Asian motherboard makers say Intel will postpone the launch of its next mainstream quad-core processor line, code-named Lynnfield, according to DigiTimes.
In addition, the usually reliable Taipei news service reports that Chipzilla will also postpone Lynnfield's companion chipset, the P55.
According to DigiTimes' sources, the chips - up until today set to launch in July - won't appear until August or September or until "an even later time depending on the market situation."
Considering that Intel announced yesterday that its Q4 2008 profits were down 90 per cent from the same quarter in 2007, the "market situation" is - not to put too fine a point on it - crap.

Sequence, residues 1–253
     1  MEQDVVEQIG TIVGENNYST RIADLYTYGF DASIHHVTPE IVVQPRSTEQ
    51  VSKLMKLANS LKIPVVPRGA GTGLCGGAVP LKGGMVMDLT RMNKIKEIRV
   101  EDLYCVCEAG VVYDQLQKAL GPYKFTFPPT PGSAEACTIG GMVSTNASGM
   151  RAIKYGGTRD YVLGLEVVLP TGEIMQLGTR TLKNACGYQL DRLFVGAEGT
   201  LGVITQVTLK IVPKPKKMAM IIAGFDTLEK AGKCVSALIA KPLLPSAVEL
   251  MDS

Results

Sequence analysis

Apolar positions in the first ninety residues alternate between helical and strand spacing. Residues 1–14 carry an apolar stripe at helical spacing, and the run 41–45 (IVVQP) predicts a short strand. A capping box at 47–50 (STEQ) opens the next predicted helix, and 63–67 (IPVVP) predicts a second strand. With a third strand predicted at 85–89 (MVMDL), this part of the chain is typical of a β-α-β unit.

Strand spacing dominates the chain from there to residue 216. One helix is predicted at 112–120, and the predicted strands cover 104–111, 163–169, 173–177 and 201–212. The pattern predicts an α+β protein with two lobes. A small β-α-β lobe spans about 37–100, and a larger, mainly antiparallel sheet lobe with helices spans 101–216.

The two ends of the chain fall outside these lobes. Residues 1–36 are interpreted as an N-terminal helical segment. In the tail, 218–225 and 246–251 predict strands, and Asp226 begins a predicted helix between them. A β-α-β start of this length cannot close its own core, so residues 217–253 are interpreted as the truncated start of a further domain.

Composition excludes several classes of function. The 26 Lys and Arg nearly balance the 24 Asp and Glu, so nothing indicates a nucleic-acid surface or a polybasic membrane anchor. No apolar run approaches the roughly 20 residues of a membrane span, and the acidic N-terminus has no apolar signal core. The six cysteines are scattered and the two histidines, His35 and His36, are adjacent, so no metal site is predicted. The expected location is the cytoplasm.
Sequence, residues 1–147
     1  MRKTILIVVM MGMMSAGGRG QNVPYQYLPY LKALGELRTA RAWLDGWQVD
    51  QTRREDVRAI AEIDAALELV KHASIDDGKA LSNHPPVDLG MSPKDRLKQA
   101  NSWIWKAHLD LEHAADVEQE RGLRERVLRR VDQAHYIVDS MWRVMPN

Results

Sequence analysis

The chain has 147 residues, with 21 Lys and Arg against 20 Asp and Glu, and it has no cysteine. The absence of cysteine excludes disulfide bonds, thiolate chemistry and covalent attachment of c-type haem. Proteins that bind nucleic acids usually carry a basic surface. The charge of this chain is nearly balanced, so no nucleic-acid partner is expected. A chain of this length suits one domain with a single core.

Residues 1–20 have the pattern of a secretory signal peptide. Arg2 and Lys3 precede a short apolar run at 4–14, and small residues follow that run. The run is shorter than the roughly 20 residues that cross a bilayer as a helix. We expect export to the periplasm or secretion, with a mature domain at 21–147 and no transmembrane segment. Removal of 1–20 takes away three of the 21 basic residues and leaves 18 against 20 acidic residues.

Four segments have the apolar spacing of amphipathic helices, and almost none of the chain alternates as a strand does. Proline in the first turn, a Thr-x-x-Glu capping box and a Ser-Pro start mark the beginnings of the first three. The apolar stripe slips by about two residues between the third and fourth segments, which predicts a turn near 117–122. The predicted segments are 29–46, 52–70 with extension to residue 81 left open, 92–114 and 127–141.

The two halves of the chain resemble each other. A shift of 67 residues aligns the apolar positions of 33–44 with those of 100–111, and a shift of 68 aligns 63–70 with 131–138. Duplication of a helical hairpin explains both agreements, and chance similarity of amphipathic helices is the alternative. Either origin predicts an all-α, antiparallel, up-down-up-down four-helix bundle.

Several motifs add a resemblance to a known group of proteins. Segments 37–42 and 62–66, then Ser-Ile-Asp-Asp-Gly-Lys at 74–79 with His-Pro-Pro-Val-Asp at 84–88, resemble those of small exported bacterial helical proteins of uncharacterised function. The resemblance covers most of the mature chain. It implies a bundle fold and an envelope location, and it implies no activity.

Lynnfield, a Nehalem-based processor aimed at the mainstream performance market, was first expected to be released in the first half 2009. It then slipped to the end of July.
The quad-core will be the first of Intel's Nehalem processors to use the new LGA1160 socket, which Fudzilla reported as shipping in mid-December, as well as the P55 chipset. Intel plans to phase out its current P43 and P45 chipsets when the P55 appears.
However, the Meltdown has left motherboard makers with scads of unsold P43 and P45 motherboards, and they're not anxious to have them obsoleted sooner rather than later.
With what can only assume is plenty of unsold inventory of its own, Intel is in no condition to argue. It seems reasonable that the company and its customers have come to an agreement: Push Lynnfield and the P55 into the future.
Exactly when that future will be is still up in the air.
Or, more properly put, down in the crapper. ®